Local Food Heroes: Meet Our Regional Canadian Producers and Farmers
Championing artisan local producers and farmers has become my raison d’être these last several years. I am an Alberta prairie gal. Born and raised. First generation city gal, so the farm was an intimate and integral part of my formative years – just as agriculture has been an intimate and integral aspect of the formative years of our Canada. Lest we forget those glory days. Industrial farming practices have invaded our farms and rampaged the culture of our rural communities. Farming is now an experience in worry and poverty for those that remain on the family farm. I know very few who farm sustainably and honorably where one spouse isn’t working outside of the home to make ends meet. My Canada was clean and pure. Farmers and producers had autonomy over the sale of their goods. They could make a good living from their hard work and the rural communities thrived in the countryside. The places I grew up visiting are long gone. Bought up. Used up. Gone. I believe that the future of our country’s food supply and culture relies on regaining control of our food supply system. Championing those that “do it right” is vital to educate others, instil value in the work of our artisan farmers and producers to rebuild our rural communities.
Margaret at Kitchen Frau from Stony Plain, Alberta, writes about Dennis and Linda Johnson, Canadian bison farmers in the Peace River Country of northern Alberta. Now, we’re talkin’! She gives a glimpse into the exciting and rewarding experiences involved in raising this wild animal which has been brought back from the brink of extinction through sustainable and ethical farming practices from a committed group of farmers, ranchers and conservation agencies. The superior quality and nutritional profile of this farmed wild meat make it a highly sought after product for health and gourmet cooking. Make sure to pop by and read her article as there is a hair-raising adventure stories included!)
It all started with bees. Seriously. Al was a very successful and very happy honey bee farmer. However, when his hives died due to pesticide use by surrounding grain farmers, he decided to grow garlic. All kinds of garlic. Almost every kind of garlic. He is most famous for his garlic seed, knowledge of garlic varieties, and his innovative sustainable farming practices. To me, Al is most famous for his Eureka Black Garlic. It is the best black garlic in the world and so few Canadians know he is producing it right here! Well, the “here” would be in Prince Edward Island!
Moo-Moo-moo-moooove over bison! Doesn’t this adorable face look familiar? Christine at Manning Canning from Scarborough, Ontario interviewed Alberta farmer, James Heitzman. Do you know where your food comes from? Well, Alberta farmer James Heitzman wishes that you did. James shares the benefits of being a small Alberta farmer, some of the challenges faced, and why Alberta Beef tastes sooooo good.
Kathryne at Food Musings from Winnipeg and Lester Beach, Manitoba, introduces us to Carman and Donna Jackson at High Bluff Stock Farm from Inglis, Manitoba.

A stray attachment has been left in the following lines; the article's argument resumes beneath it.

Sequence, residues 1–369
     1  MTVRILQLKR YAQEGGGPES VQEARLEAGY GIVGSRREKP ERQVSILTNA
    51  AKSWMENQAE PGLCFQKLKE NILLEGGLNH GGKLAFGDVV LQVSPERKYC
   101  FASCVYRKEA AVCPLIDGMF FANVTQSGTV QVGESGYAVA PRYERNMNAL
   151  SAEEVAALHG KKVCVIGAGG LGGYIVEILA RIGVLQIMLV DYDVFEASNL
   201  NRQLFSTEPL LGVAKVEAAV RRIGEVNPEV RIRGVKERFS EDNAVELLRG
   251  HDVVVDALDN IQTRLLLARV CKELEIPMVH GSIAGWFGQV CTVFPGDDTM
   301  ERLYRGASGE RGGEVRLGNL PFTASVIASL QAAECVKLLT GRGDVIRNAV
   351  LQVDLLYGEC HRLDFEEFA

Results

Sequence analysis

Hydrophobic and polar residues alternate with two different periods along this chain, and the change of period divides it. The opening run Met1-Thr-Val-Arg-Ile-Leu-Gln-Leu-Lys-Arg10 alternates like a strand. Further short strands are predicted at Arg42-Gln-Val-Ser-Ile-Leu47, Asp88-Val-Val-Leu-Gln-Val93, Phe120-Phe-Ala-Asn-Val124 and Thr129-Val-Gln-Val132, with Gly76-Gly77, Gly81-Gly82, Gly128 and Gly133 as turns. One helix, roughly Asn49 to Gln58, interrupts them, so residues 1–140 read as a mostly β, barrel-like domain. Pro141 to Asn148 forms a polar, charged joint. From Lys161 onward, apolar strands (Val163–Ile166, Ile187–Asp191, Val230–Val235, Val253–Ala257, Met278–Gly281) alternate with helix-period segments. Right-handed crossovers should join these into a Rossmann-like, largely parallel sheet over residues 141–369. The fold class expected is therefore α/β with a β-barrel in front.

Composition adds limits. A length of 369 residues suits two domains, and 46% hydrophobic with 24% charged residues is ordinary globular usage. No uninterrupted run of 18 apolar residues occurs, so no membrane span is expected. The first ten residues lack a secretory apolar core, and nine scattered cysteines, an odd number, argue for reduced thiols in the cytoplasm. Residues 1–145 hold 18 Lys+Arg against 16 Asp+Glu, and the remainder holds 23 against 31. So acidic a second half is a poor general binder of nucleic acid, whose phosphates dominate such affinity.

Julie Van Rosendaal at Parents Canada from Calgary, Alberta, offers a roasted turkey tutorial and introduces Winter’s Turkey farm, located approximately 30 km east of Calgary where the free range, certified organic and heirloom turkeys are raised humanely with high consideration for their comfort, health and well being. They have plenty of space to range in the sunshine and fresh air.
Dale at Eats Writes Shoots from Ottawa, Ontario, writes “Spring in the Ottawa Valley means one thing: the running of the maples. No, that’s “not like” the running of the bulls … it’s actually a lot more work.” Inspired by the new season, Dale “tapped into” this uniquely spring and Canadian harvest and turned it into a Canadian taste (maple-teriyaki sauce) which he baked into our very own wild Pacific salmon. As he says, “It’s simply by design … for a taste that’s divine.”
Dana VanVeller and Lindsay Anderson at FEAST: An Edible Road Trip (www.edibleroadtrip.com) from Vancouver, British Columbia, just won a HUGE award: Saveur Magazines 2014 Best Culinary Travel Blog, Reader’s Choice! Congratulations to Dana and Linsday for their incredible work this past year as they have traveled from coast to coast writing and eating and meeting and learning about what being a Canadian means. Lindsay Anderson of FEAST: An Edible Road Trip writes about the Sharing Farm, a non-profit that grows food for the Richmond Food Bank.
Jacquie Lycka at Parkallen Home Kitchen from Edmonton, Alberta, writes about Ron Hamilton of Sunworks Farms and how he and his wife Sheila strive to put good, clean, pure, real food on our plates.
Carole at The Yum Yum Factor from Toronto, Ontario, introduces Wlater as he is reinventing the Caesar cocktail mix: the well loved national classic cocktail by making it healthier, tastier and most importantly, made right here at home. It’s a great Canadian style David and Goliath story.
Jennifer at An Okanagan Cookbook from Kelowna, British Columbia, introduces us to two of her favourite local farmers at Little Creek Farms.
Barbara Mayhew at My Island Bistro Kitchen from Charlottetown, Prince Edward Island, is often writing about her local producers and farmers. The Burns Family of Freetown, Prince Edward Island, are 7th generation egg farmers. Barbara spent a day on the Burns farm and recounts her visit and takes us through the egg grading process in this article.